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Houdini has tools for simulating the propagation of waves and ripples across a surface. This can be useful for simulating, for example, an ocean surface.
The solver compares the “current” shape of the surface to a “rest” surface to determine which parts of the surface are “high” and “low”, then uses that information to simulate ripple propagation.
Waves cannot be concave, since the solver only displaces points on the surface “up” and “down”.
The Ripple Object DOP sets up a dynamics object for rippling. The Ripple Solver sets up a dynamics object to be solved.
The Ripple surface node deforms a grid to add concentric ripples. You can animate this node’s parameters to “fake” simple ripples, or use it to set up the initial conditions for a true dynamics ripple simulation.
The Waveform tool deforms a surface into a wave shape with a direction. The Ripple solver has specific code to propagate waves created with this tool.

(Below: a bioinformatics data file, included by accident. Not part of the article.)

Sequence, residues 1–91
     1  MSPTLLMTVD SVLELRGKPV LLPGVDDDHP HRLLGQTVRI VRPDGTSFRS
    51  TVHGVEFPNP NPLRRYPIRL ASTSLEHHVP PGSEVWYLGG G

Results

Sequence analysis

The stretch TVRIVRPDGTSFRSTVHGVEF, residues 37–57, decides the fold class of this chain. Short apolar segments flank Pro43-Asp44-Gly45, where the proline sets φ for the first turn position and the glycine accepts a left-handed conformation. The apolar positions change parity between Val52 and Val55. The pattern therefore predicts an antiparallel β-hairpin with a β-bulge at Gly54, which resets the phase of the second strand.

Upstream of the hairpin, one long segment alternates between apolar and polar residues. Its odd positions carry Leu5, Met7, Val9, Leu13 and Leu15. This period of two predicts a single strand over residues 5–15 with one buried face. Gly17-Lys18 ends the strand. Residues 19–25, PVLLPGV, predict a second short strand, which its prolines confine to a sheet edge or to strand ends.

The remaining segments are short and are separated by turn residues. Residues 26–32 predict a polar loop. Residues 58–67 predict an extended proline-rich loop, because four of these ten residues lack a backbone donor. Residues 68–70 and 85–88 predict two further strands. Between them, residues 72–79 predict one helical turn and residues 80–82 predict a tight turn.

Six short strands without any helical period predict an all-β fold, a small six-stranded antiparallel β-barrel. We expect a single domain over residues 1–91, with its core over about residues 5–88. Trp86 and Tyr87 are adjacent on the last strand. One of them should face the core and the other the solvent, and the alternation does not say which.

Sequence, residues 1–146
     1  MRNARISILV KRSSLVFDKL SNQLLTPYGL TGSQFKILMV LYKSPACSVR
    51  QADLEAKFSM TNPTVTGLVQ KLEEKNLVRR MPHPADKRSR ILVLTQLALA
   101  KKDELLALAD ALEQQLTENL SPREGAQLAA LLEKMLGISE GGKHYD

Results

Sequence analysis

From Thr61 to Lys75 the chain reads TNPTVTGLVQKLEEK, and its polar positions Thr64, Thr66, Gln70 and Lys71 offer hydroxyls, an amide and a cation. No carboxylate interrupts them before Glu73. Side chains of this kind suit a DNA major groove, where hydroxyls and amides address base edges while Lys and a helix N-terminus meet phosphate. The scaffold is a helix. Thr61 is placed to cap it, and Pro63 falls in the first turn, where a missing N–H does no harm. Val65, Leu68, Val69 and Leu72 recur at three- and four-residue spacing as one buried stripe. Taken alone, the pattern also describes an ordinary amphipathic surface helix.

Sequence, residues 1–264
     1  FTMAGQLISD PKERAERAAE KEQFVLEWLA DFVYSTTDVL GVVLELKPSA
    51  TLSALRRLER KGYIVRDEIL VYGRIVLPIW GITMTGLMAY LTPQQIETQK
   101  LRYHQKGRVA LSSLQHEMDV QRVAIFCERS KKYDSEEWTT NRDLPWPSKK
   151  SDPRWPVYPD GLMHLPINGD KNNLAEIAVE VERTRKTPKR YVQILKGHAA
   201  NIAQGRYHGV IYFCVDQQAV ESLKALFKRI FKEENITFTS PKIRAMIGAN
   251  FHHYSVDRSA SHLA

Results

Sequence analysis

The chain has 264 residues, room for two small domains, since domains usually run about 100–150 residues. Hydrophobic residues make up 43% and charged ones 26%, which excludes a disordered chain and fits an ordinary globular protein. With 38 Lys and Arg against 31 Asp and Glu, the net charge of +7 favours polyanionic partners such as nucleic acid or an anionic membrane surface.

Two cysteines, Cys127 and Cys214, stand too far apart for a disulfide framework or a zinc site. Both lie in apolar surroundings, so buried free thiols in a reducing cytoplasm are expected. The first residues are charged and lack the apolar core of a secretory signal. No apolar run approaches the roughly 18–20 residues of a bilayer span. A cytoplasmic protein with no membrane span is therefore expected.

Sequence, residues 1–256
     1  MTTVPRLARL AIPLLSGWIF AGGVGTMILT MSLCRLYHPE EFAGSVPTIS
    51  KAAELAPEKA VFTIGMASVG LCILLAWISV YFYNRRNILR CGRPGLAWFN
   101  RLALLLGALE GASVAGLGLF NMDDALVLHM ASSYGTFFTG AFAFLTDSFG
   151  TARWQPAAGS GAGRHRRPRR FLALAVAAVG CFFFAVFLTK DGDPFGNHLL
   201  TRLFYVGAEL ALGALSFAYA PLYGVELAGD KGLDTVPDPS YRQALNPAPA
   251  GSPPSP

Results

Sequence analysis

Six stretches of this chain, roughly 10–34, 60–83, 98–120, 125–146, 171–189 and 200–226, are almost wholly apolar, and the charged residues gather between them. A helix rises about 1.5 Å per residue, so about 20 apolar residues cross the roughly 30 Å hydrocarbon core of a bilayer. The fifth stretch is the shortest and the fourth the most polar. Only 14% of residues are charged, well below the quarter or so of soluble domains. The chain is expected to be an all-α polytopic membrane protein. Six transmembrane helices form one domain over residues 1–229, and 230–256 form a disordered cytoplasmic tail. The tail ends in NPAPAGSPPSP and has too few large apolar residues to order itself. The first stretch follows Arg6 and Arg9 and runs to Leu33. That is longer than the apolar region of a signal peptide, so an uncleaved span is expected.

How to ¶
Create a Grid.
Apply the Ripple tool to deform the surface.
In the network editor, go into the grid’s geometry object.
Create a Null node branched off the initial Grid node and name it
Create another Null node after the ripple node and name it
Go back up to the Scene level and use the tab menu to create a DOP network.
Go into the DOP network and create a Ripple Object DOP. In the parameter editor, set Initial SOP Path to the path of the
/obj/geo1/RIPPLE_OUT). Set Rest SOP Path to the path of the
Create a Ripple Solver and connect the output of the Ripple Object node to the input of the Ripple Solver. Make sure the display flag is set on or after the solver node.
Click Play to play the simulation.
While ripples are easiest to understand on a height field, use of these nodes is not restricted to grids. Ripples can propagate along a curve, through a 3d lattice of points, or even across a complicated triangular mesh.
Waves can rebound against edges. You can paint attributes to create areas of fast, slow, or no wave propagation.